‘Confidence is starting to build’ for unusual, -heated art auction season
Last week, Christie’s and Sotheby’s held a series of big-ticket auctions that mostly consisted of work from the 20th and 21st centuries.
There were a few standouts by dollar value, most notably a painting by Jean-Michel Basquiat from 1982 that sold for $41.9 million at Christie’s, a $20 million Picasso purchased by crypto investor Justin Sun, and a rare Van Gogh painting that, after some drama regarding a bidder who backed out, finally sold for $15.4 million at Sotheby’s.
But the real action was in the lower tier of the market with artists who are not, strictly speaking, household names.
“What was very interesting was to see this breadth of demand for top-quality examples of artists you don’t see so often,” says Helena Newman, Sotheby’s Europe chairman and worldwide head of impressionist and modern art. “For example, a work by Frantisek Kupka was, I think, supposed to make £1.5 million ($2 million) to £2.5 million, and it sold for £7.5 million.”
There were similar standouts at Christie’s for both younger artists and for relatively niche 20th century names, including a work by the French artist Jean Fautrier that had a high estimate of £1.5 million and sold for £4.5 million. (Sotheby’s also sold two Fautriers, both for well above estimates.)
“Younger artists and artists who aren’t established auction players were the breakout prices,” says Alex Rotter, Christie’s chairman of 20th and 21st century art, “whereas the more traditional material performed, but performed in a more conservative manner. There weren’t breakout prices for Magritte or anything like that.”
The causes of this middle-market action, specialists and dealers say, are twofold.
First, since Covid began, many consignors have refused to sell their super expensive art publicly for fear that the current livestream-only format could harm results. What has sold at the $50 million-plus tier has usually been via private sales; so the only visible market action has been in the low and mid-tiers.
Second, rich collectors have gotten richer, giving them liquidity to push up prices for whatever does become publicly available.
These two factors don’t seem to be going away, at least not in the next month. As such, they could serve as indicators for the upcoming May evening sales in New York, a series of auctions that generally serve as a bellwether for the overall strength of the blue-chip art market.
“My prediction, based on what I know and see and feel, is that the May sales in New York will be strong, but I would be very surprised if you saw many $100 million paintings,” says Rotter. “The market is not where it was at with the super high-end. People are still holding back.”
Auction houses are intermediaries, which means their next sale is only as good as their consignments.
As a result, specialists have to strike a balance between generating enough confidence in the market that people are willing to consign art while not overloading the market with expensive art. “I don’t want to be irresponsible with rebuilding a market and just flooding it with high-end items,” says Rotter.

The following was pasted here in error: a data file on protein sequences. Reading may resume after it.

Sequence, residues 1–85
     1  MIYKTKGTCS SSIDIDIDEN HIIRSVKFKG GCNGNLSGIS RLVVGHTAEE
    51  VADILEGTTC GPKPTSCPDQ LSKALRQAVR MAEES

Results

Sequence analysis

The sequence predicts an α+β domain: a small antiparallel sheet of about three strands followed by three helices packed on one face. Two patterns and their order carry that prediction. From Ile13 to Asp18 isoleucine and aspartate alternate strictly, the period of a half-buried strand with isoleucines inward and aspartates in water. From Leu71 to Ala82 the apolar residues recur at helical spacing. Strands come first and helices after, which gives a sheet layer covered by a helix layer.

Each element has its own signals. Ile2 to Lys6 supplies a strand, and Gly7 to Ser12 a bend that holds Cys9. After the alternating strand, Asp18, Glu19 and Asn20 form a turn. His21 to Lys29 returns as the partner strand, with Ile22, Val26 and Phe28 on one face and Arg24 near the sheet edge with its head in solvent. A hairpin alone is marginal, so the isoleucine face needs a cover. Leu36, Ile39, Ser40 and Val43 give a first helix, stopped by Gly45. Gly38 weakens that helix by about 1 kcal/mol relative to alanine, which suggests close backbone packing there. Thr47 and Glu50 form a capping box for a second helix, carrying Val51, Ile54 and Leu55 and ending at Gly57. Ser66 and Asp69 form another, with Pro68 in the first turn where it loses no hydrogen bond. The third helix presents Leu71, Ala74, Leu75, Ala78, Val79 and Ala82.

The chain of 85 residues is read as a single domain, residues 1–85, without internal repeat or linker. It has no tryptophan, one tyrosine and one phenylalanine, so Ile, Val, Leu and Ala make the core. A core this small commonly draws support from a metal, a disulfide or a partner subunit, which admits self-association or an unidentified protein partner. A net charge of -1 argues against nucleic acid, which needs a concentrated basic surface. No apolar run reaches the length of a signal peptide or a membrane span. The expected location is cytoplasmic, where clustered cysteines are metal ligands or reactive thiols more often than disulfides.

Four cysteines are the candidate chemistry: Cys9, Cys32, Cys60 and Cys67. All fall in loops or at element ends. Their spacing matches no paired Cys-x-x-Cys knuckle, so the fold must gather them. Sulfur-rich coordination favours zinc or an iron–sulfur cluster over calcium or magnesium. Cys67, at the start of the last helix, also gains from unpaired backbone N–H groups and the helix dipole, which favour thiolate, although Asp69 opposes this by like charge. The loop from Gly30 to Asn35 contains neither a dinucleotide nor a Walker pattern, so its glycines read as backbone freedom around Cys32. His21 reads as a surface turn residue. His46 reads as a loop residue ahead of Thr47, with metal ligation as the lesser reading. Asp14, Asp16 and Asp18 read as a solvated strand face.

For this very reason, during the Covid-19 pandemic, both auction houses and consignors have been relatively skittish about putting ultra-high-value works at auction. (There are notable exceptions, including a $92.2 million Botticelli.)
“First of all, this is a constantly ebbing and flowing story in regards to supply,” says Newman. “Last year, a lot of high-value material went to private sales. We sold $1.6 billion [in private transactions], which was a record for us, with a lot of private transactions north of $50 million.”
And while Sotheby’s recently announced that it would be offering a Basquiat with a high estimate of $50 million in its May evening sale, Newman acknowledges that a series of major estates and private collections with ultra-expensive artworks will continue to sit things out for the time being.
“Yes, it’s unlikely that a major estate will come with [lots of] $20 million pieces” between now and May, she says, “but it doesn’t mean that there can’t be single high-value lots.”
Bonnie Brennan, president of the Americas at Christie’s, echoes this sentiment. “We have some major collections and estates that are maybe being controlled by more conservative minds that are waiting for the fall,” she says.
Her department has been trying to use this reticence as a sales tool to get consignments for May. “We say: ‘Sell now—get ahead of it while you know people are active—and you’ll have less competition,’” she says.
(This is not to say that everyone is holding back; in its March London sales alone, Christie’s sold two separate collections for more than $30 million each.)
The sales last week “felt very different than last year,” Newman says, referring to the initial panicked onset of the pandemic, when demand plummeted.
Collectors, she continues, have money to spend. “There’s certainly a lot of liquidity in the market, and buyers are very hungry. People are not spending money on other things. They’re more or less confined, and that has definitely helped create an energy in the market.”
Looking to May, then, the question is where that energy will be directed.
“Confidence is starting to build,” says Rotter. “It’s not at the level of what it was before, so the only way you can really encourage it is if you bring something new to market that people haven’t seen.”
And that, auction house specialists say, is the best indication for what will appear in the May auctions: artworks that feel novel or in some way unusual but will probably not grab headlines for record-breaking numbers.
“This freshness,” says Rotter, “helps people to say, ‘OK, do I want to buy another average work by a color field painter, or am I more excited in something I haven’t seen before?’ ”